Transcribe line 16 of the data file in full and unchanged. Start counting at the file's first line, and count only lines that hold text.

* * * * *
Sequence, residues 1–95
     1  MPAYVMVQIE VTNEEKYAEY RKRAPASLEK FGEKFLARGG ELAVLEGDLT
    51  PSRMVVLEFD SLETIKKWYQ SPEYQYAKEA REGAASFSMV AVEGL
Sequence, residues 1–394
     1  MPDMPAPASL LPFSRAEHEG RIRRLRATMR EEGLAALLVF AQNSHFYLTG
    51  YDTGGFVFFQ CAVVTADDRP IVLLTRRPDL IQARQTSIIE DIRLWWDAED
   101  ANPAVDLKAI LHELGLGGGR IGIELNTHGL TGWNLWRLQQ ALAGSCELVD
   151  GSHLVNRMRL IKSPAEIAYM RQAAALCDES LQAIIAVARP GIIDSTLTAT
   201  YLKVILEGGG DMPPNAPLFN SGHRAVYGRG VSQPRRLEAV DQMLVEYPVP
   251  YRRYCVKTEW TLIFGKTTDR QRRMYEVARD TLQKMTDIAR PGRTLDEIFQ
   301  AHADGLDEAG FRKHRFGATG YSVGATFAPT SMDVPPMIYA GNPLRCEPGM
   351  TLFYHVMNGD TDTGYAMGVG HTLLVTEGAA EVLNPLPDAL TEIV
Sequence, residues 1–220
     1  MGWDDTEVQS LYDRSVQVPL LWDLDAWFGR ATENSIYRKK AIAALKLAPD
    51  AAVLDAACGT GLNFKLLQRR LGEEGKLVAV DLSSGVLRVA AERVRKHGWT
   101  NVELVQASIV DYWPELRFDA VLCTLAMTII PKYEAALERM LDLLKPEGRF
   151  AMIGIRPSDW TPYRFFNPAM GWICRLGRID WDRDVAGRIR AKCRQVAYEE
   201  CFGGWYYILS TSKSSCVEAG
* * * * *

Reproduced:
   101  NVELVQASIV DYWPELRFDA VLCTLAMTII PKYEAALERM LDLLKPEGRF